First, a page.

Isa Genzken, Rose III, 2016, aluminium, galvanized steel, lacquer, in Zuccotti Park, New York, 2018. Photo by Timothy Schenck, courtesy Galerie Buchholz, Berlin/Cologne/New York.
A new sculpture is occupying Zuccotti Park. On Sunday, a 26-foot-tall flower by the renowned German artist Isa Genzken was permanently installed in the heart of Lower Manhattan. Rose III (2016) joins two other sculptural mainstays in the park: Mark di Suvero’s towering steel sculpture Joie de Vivre (1998) and Seward Johnson Jr.’s Double Check (1982), which, in the aftermath of 9/11, became a memorial to those who perished.
Already, Rose III is getting some pointed political readings, with some speculating that the installation is a nod to the Occupy Wall Street movement. Zuccotti Park, a publicly owned private property belonging to Brookfield Properties, was taken over in 2011 by members of the 99 percent trying to change capitalism. A rose is the symbol of democratic socialism. The sculpture’s unveiling was wedged between the 10th anniversary of the collapse of Lehman Brothers and the 7th anniversary of Occupy.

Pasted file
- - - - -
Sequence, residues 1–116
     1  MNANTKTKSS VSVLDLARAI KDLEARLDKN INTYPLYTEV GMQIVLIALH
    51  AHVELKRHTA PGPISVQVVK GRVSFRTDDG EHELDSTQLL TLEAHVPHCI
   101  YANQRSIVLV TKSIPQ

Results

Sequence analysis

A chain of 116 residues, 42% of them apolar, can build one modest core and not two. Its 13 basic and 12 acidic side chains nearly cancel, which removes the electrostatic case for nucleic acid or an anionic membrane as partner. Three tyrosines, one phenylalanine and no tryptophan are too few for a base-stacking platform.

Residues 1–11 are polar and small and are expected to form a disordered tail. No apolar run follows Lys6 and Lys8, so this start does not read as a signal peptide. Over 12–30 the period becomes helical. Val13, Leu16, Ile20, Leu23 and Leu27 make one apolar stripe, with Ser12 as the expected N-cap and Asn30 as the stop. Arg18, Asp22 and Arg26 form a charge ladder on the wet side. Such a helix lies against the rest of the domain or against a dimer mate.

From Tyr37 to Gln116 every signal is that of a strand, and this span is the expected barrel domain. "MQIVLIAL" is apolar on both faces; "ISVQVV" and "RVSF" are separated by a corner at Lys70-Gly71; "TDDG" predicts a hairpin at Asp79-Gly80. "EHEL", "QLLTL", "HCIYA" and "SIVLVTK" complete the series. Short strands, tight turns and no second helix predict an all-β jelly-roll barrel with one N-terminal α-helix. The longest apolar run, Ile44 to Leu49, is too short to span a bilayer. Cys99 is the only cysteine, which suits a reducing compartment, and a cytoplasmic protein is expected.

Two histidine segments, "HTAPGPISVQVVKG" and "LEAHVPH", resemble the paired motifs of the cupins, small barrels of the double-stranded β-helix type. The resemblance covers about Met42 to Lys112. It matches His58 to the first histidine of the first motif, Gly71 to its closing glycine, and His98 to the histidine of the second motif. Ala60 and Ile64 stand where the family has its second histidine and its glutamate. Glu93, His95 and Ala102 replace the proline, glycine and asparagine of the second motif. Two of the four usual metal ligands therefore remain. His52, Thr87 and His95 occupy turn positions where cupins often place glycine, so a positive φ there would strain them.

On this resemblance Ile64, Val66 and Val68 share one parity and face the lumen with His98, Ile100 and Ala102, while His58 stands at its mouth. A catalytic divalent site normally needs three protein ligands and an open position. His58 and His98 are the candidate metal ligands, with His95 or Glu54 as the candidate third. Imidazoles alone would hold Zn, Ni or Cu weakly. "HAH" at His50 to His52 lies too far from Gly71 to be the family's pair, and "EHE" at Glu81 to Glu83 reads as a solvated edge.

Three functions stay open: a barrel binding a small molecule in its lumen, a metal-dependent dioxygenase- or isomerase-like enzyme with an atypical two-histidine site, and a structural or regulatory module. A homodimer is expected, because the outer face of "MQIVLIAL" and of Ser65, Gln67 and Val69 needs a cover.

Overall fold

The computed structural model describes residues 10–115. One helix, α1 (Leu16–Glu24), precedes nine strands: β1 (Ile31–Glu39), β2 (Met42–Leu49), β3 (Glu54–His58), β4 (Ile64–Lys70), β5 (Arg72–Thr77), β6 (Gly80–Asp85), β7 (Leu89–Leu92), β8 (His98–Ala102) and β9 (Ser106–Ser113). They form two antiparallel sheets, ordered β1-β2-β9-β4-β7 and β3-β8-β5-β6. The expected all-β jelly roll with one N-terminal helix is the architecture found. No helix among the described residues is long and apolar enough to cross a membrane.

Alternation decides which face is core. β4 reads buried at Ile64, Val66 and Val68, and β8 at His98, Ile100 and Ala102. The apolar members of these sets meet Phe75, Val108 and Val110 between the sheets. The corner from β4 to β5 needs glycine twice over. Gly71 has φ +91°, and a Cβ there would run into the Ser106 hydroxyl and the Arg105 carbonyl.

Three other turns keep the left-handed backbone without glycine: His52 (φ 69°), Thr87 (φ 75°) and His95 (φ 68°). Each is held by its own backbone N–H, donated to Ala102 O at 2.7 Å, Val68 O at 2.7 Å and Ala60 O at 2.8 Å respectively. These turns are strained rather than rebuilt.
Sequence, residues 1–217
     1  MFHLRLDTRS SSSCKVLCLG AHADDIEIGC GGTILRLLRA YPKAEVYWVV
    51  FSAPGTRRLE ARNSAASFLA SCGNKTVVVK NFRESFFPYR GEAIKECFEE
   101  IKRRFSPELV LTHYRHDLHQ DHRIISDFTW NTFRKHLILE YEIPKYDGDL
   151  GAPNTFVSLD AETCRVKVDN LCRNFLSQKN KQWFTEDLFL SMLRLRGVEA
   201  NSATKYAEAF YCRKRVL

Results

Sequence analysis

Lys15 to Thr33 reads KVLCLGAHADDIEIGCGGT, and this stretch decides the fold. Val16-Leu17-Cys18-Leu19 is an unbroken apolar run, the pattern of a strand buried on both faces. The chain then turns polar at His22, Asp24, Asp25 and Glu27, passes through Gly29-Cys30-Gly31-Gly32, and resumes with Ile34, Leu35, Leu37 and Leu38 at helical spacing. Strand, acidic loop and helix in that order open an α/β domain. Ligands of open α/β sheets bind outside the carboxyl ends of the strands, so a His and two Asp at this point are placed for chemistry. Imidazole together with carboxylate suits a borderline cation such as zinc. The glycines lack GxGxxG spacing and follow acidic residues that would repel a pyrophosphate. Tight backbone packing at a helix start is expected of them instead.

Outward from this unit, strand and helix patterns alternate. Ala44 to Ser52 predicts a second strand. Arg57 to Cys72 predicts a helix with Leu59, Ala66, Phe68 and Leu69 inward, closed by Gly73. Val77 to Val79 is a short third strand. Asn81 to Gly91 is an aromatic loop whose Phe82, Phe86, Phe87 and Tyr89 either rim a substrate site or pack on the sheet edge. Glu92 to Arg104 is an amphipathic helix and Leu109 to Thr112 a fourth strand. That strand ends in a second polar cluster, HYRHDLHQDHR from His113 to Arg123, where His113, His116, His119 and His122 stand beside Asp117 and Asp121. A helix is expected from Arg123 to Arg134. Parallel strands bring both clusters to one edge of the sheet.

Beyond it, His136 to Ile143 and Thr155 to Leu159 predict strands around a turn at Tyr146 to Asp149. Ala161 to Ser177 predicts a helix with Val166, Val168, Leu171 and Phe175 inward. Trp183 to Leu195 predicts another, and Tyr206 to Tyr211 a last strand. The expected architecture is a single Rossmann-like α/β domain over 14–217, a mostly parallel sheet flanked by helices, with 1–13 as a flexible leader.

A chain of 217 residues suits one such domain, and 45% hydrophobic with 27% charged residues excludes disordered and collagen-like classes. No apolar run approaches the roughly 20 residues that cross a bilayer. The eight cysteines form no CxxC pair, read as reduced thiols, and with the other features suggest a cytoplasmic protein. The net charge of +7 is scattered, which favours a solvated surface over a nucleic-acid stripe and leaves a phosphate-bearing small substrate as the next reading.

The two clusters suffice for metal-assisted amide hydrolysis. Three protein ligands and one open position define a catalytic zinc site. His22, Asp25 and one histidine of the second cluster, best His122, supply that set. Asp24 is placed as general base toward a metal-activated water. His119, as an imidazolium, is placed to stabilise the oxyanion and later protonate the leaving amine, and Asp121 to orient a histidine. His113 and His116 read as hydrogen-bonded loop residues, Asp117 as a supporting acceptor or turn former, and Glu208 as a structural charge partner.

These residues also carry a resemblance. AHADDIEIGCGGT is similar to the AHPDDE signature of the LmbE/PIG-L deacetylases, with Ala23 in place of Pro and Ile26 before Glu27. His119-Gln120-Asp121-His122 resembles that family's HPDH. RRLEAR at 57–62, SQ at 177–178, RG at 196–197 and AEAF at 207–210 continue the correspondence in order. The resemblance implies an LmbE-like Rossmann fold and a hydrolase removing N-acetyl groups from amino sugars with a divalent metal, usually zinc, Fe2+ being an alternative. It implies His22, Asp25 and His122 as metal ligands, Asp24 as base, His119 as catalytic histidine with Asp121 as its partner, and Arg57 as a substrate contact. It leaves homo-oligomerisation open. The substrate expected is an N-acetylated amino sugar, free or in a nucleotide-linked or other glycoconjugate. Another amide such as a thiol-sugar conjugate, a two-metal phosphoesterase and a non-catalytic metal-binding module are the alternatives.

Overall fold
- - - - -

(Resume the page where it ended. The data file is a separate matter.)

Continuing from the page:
Laura Hoptman, the curator who organized the first exhibition of The Rose at the New Museum, added more fertilizer to the fire. She said in a statement: “Over almost 40 years, Isa Genzken has pursued a brave and radical vision for a public art created for, and in tune with its environment.”
Genzken herself, who had a major U.S. retrospective at the Museum of Modern Art in 2013, added: “To me, New York had a direct link with sculpture…. [It] is a city of incredible stability and solidity.”